Extrapolation is second nature to me. It’s how I’m wired. I look at how things are and I make an instantaneous projection of how they will be in the future. Maybe it’s intuition; maybe it’s analysis functioning at a cognitive level that I cannot quite discern. Maybe those two possibilities are actually the same thing.
Either way, it’s a part of my nature and it has fueled a lifelong passion for futuristic thinking.
At the same time, there is much to be learned by looking back, and I indulged myself a bit recently as I thought back to what the information technology industry looked like when I first entered it. Here are a few recollections:
- It wasn’t called IT, it was called DP (Data Processing).
- I programmed by typing lines of code onto 80-column cards using a keypunch machine – one line at a time. (When I was done, I put a rubber band around my card deck in case I were to drop it.)
- To compile my program, I ran the card deck through a card reader. (Then I printed off the compiler output on an impact printer to see if it had compiled cleanly.)
- My first programming language was FORTRAN. (My second was COBOL. My third was IBM S/370 Assembler Language. My fourth was C. My fifth was MS Visual Basic.)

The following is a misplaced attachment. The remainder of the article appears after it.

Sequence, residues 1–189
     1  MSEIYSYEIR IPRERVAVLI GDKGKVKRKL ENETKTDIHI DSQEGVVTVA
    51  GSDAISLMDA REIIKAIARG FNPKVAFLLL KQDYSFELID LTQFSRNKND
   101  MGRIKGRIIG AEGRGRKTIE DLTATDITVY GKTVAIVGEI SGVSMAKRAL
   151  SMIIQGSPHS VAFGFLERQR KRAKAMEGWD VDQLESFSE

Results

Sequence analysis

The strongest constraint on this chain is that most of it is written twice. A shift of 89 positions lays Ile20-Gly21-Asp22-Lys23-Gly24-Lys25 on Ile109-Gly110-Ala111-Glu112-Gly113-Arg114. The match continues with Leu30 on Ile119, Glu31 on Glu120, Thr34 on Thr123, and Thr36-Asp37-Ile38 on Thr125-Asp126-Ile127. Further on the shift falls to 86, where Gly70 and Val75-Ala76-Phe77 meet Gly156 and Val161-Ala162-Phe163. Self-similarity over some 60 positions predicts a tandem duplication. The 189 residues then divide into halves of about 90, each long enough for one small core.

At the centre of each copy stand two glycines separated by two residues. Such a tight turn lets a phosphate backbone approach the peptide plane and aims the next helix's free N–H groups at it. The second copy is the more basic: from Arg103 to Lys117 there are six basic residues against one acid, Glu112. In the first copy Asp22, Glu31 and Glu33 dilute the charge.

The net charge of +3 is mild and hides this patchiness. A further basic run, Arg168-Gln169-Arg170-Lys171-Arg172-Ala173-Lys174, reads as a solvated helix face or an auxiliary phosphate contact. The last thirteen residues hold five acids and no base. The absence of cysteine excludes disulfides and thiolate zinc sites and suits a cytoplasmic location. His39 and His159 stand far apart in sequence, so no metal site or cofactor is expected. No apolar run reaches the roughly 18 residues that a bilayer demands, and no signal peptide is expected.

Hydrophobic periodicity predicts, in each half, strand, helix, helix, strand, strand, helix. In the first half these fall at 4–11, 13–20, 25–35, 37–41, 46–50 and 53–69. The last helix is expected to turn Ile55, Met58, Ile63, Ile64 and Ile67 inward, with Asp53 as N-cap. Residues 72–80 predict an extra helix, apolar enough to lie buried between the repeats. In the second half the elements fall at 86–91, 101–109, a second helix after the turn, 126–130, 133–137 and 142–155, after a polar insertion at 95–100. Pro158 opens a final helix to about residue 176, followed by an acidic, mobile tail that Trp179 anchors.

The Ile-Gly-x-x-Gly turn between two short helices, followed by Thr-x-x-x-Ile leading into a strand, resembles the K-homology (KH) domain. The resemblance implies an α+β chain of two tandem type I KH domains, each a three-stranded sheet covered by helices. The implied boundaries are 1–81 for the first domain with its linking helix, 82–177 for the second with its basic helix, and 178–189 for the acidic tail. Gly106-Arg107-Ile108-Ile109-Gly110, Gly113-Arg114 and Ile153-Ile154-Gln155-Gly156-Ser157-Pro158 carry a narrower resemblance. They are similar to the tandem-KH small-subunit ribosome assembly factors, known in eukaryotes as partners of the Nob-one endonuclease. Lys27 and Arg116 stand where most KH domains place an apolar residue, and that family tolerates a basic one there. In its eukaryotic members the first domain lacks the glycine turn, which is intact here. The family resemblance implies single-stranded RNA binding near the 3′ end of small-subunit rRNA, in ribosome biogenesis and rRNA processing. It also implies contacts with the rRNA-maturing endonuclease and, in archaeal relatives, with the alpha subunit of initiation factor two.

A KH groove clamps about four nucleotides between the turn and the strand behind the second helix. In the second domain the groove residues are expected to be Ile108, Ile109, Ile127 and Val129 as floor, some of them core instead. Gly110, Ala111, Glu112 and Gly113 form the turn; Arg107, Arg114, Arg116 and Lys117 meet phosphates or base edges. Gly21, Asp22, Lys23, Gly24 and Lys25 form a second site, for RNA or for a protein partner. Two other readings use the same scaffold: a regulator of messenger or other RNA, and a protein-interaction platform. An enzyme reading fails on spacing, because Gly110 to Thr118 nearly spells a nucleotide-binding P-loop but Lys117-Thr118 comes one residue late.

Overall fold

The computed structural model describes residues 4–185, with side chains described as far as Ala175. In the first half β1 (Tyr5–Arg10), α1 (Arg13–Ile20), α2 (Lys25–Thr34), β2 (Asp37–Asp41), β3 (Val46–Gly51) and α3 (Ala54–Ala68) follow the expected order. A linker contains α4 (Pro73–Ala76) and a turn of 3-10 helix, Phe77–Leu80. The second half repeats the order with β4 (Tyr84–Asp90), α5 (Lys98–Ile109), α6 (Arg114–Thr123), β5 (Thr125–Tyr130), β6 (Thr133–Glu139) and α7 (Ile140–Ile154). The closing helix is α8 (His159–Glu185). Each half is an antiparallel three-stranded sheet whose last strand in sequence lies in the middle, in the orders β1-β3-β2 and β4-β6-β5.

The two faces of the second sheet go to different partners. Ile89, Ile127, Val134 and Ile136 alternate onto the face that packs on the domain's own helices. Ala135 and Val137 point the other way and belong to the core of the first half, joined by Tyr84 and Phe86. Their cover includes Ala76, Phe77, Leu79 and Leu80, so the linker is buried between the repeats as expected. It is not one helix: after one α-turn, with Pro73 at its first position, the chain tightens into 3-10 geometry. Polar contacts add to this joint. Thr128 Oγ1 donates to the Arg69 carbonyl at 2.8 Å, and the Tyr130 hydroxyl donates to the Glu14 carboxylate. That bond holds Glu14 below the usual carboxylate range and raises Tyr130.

- One of my first tasks when I installed a new computer was to assemble the Supervisor (e.g., operating system).
- Virtual storage was a relatively new concept.
- Bisync was the dominant communications protocol.
- Few of my customers could afford a 9600 bps phone line for data communications.
- Online transaction processing was capturing the imagination of the industry.
- 1MB of real memory was usually enough.
The main observation I make, retrospectively, is that nearly everything changed at a rate and to a scale beyond anything I imagined possible back then. I take that lesson forward now, yet I suspect the future will still be beyond what I can imagine today.